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Wound Management: Classification, Syndrome for Surgery Notes

Feb 10, 2023


Wound management is an important topic for NEET PG/NExT exam preparation as it is a crucial aspect of patient care in the field of surgery. In the exam, you may encounter questions related to the classification of wounds, wound healing, and management of surgical wounds, including the selection of appropriate wound dressings and wound care practices.

Therefore, it is advisable to have a good understanding of the topic to perform well in the NEET PG exam and also to provide the best possible patient care.

Read this blog further to get an overview of the topic.

Wound Overview

Wound refers to a breach in continuity of skin or surface epithelium. It can be caused by various factors, including physical trauma, surgical incisions, cuts, burns, and puncture wounds. Depending on the cause and severity of the wound, the healing process can take several days to several weeks.

Surgical wound Classification 

Surgical wound classification is a system used to categorize surgical wounds based on their appearance and healing process. There are several commonly used surgical wound classifications, including:

  • Class I: Clean wound 
    • Respiratory tract, GIT, GUT: not entered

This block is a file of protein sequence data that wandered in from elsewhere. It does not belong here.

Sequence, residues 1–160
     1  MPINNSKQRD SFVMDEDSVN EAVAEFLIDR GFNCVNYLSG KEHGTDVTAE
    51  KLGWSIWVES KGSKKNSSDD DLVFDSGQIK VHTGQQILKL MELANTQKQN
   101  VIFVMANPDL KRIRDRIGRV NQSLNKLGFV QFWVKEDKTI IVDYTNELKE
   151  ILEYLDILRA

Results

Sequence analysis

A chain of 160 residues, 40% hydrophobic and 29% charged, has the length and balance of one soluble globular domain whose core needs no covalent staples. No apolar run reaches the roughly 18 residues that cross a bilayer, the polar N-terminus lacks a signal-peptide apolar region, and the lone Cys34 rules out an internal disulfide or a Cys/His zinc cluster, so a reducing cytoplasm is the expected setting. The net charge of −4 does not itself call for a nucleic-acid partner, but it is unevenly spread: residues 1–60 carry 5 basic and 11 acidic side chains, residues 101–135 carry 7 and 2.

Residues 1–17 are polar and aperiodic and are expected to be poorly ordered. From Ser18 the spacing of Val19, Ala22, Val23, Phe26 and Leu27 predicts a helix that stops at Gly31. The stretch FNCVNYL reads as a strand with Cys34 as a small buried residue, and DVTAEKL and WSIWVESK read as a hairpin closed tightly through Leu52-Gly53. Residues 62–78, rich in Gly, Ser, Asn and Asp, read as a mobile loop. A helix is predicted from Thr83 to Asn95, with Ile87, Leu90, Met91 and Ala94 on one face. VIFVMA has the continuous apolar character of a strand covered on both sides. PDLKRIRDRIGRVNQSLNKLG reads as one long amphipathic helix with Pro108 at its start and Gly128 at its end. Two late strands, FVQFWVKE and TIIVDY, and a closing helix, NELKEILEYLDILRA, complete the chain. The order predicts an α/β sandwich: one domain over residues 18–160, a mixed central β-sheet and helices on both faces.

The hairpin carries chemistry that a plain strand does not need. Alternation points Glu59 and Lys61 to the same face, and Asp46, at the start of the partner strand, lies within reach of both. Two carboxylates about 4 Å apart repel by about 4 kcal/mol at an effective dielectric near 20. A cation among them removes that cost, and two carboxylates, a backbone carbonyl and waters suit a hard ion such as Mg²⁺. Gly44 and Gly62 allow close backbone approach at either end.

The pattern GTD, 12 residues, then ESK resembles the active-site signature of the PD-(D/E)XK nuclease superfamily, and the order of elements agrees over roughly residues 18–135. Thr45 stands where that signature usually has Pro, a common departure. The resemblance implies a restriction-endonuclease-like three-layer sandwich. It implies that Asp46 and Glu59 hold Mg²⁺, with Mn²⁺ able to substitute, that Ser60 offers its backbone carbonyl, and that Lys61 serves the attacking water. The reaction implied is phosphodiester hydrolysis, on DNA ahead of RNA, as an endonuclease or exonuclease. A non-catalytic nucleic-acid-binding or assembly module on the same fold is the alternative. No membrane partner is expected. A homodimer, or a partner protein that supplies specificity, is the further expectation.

• Uninfected operated wounds Without inflammation 
    • Closed primarily 
    • E.g., Inguinal hernia operation, Mastectomy, Thyroidectomy, Joint replacement, Abdominal aortic aneurysm repair    
  • Class II: Clean, contaminated wound 
    • Respiratory tract, GIT, GUT is entered under controlled condition 
    • Without unusual contamination 
    • E.g., Cholecystectomy, CBD exploration, Elective GI surgery (like elective colonic resection, elective gastrectomy)
  • Class III: Contaminated wounds 
    • Open, fresh accidental wounds
    • Operations with major break in sterile techniques or gross spillage from GIT
    • Acute non purulent inflammation is encountered
    • E.g. Appendicular perforation, Gastric perforation, Enterotomy during bowel obstruction, Open fracture  
  • Class IV: Dirty wound 
    • Infection or organism causing infection already present in the wound
    • Old traumatic wound with retained devitalized tissue
    • Wound with clinical infection or perforated viscera with high degree of contamination 
    • With Severe purulent inflammation
    • E.g., Perforated diverticulitis, Fecal peritonitis, Frank pus, Necrotizing soft tissue infection  
Wound ClassificationRisk of InfectionAntibiotic Prophylaxis
Clean 5%Not required
Clean contaminated10%Required (usually)
Contaminated 20 - 30%Required (in all cases)
Dirty wound30 - 40%Treatment is required (Not the prophylaxis)
  • Chronic wound 
    • Any wound that does not heal within 3 months 
    • Delay usually occurs in inflammatory phase 
    • E.g. bed sore / pressure sore 
  • Degloving Injury / Avulsion injury 
    • Skin + subcutaneous fat is stripped from underlying fascia by avulsion 
    • After degloving injury exposed parts are
      • Bone